Project description:The small GTPase ARL4C participates in the regulation of cell migration, cytoskeletal rearrangements, and vesicular trafficking in epithelial cells. The ARL4C signaling cascade starts by the recruitment of the ARF-GEF cytohesins to the plasma membrane, which, in turn, bind and activate the small GTPase ARF6. However, the role of ARL4C-cytohesin-ARF6 signaling during hippocampal development remains elusive. Here, we report that the E3 ubiquitin ligase Cullin 5/RBX2 (CRL5) controls the stability of ARL4C and its signaling effectors to regulate hippocampal morphogenesis. Both RBX2 knockout and Cullin 5 knockdown cause hippocampal pyramidal neuron mislocalization and development of multiple apical dendrites. We used quantitative mass spectrometry to show that ARL4C, Cytohesin-1/3, and ARF6 accumulate in the RBX2 mutant telencephalon. Furthermore, we show that depletion of ARL4C rescues the phenotypes caused by Cullin 5 knockdown, whereas depletion of CYTH1 or ARF6 exacerbates overmigration. Finally, we show that ARL4C, CYTH1, and ARF6 are necessary for the dendritic outgrowth of pyramidal neurons to the superficial strata of the hippocampus. Overall, we identified CRL5 as a key regulator of hippocampal development and uncovered ARL4C, CYTH1, and ARF6 as CRL5-regulated signaling effectors that control pyramidal neuron migration and dendritogenesis.
Project description:The formation of a laminar structure such as the mammalian neocortex relies on the coordinated migration of different subtypes of excitatory pyramidal neurons in specific layers. Cyclin-dependent kinase 5 (Cdk5) is a master regulator of pyramidal neuron migration. Recently, we have shown that Cdk5 binds to the serotonin 6 receptor (5-HT6R), a G protein-coupled receptor (GPCR). Here, we investigated the role of 5-HT6R in the positioning and migration of pyramidal neurons during mouse corticogenesis. We report that constitutive expression of 5-HT6R controls pyramidal neuron migration through an agonist-independent mechanism that requires Cdk5 activity. These data provide the first in vivo evidence of a role for constitutive activity at a GPCR in neocortical radial migration.
Project description:The small GTPase Arf6 is a conserved protein that is expressed in all metazoans. Arf6 remodels cytoskeletal actin and mediates membrane protein trafficking between the plasma membrane in its active form and endosomal compartments in its inactive form. While a rich knowledge exists for the cellular functions of Arf6, relatively little is known about its physiological role in development. This study examines the function of Arf6 in mediating cellular morphogenesis in early development. We dissect the function of Arf6 with a loss-of-function morpholino and constitutively active Arf6-Q67L construct. We focus on the two cell types that undergo active directed migration: the primary mesenchyme cells (PMCs) that give rise to the sea urchin skeleton and endodermal cells that form the gut. Our results indicate that Arf6 plays an important role in skeleton formation and PMC migration, in part due to its ability to remodel actin. We also found that embryos injected with Arf6 morpholino have gastrulation defects and embryos injected with constitutively active Arf6 have endodermal cells detached from the gut epithelium with decreased junctional cadherin staining, indicating that Arf6 may mediate the recycling of cadherin. Thus, Arf6 impacts cells that undergo coordinated movement to form embryonic structures in the developing embryo.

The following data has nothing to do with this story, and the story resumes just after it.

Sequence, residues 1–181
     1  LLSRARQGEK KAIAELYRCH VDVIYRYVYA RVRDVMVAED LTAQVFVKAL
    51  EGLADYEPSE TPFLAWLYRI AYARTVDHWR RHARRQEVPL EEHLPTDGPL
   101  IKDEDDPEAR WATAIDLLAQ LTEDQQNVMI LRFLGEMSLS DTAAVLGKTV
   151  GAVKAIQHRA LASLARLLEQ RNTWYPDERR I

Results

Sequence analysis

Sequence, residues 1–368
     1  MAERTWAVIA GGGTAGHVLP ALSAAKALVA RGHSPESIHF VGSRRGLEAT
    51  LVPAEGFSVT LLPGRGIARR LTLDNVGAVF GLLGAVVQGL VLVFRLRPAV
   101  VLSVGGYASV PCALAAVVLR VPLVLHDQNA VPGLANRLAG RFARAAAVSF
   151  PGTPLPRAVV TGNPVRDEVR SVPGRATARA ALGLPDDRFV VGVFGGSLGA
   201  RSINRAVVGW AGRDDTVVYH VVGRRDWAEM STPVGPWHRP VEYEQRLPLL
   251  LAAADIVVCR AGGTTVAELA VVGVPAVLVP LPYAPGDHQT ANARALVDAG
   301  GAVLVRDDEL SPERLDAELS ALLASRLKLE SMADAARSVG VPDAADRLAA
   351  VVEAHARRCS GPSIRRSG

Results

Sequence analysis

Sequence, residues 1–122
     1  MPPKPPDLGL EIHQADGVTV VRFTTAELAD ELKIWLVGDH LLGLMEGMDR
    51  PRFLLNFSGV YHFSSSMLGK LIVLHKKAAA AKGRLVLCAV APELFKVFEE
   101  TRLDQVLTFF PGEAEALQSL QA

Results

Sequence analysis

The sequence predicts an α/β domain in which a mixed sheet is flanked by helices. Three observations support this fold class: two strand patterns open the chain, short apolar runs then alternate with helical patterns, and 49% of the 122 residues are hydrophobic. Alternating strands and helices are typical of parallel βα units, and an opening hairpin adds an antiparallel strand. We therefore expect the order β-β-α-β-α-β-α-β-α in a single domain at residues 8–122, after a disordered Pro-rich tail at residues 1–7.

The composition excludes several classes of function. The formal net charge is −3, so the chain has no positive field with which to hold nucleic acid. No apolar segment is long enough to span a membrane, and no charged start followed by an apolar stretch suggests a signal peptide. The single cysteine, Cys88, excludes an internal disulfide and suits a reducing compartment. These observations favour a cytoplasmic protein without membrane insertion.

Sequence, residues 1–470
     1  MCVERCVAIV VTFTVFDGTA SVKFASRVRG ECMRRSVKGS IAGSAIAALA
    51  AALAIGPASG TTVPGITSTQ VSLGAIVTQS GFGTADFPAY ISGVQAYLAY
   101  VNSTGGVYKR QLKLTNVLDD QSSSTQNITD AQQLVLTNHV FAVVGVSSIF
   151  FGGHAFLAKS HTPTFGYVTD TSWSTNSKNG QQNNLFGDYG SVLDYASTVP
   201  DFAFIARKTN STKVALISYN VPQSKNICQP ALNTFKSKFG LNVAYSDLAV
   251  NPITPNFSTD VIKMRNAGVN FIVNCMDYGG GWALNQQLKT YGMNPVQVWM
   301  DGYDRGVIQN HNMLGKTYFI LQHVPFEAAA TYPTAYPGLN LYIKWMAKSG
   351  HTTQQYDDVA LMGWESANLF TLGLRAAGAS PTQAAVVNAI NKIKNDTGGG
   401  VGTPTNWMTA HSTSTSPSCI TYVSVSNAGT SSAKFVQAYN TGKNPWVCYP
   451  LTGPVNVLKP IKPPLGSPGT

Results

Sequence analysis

Project description:Neurons are compartmentalized into two morphologically, molecularly, and functionally distinct domains: axons and dendrites, and precise targeting and localization of proteins within these domains are critical for proper neuronal functions. It has been reported that several members of the Rab family small GTPases that are key mediators of membrane trafficking, regulate axon-specific trafficking events, but little has been elucidated regarding the molecular mechanisms that underlie dendrite-specific membrane trafficking. Here we show that Rab17 regulates dendritic morphogenesis and postsynaptic development in mouse hippocampal neurons. Rab17 is localized at dendritic growth cones, shafts, filopodia, and mature spines, but it is mostly absent in axons. We also found that Rab17 mediates dendrite growth and branching and that it does not regulate axon growth or branching. Moreover, shRNA-mediated knockdown of Rab17 expression resulted in a dramatically reduced number of dendritic spines, probably because of impaired filopodia formation. These findings have revealed the first molecular link between membrane trafficking and dendritogenesis.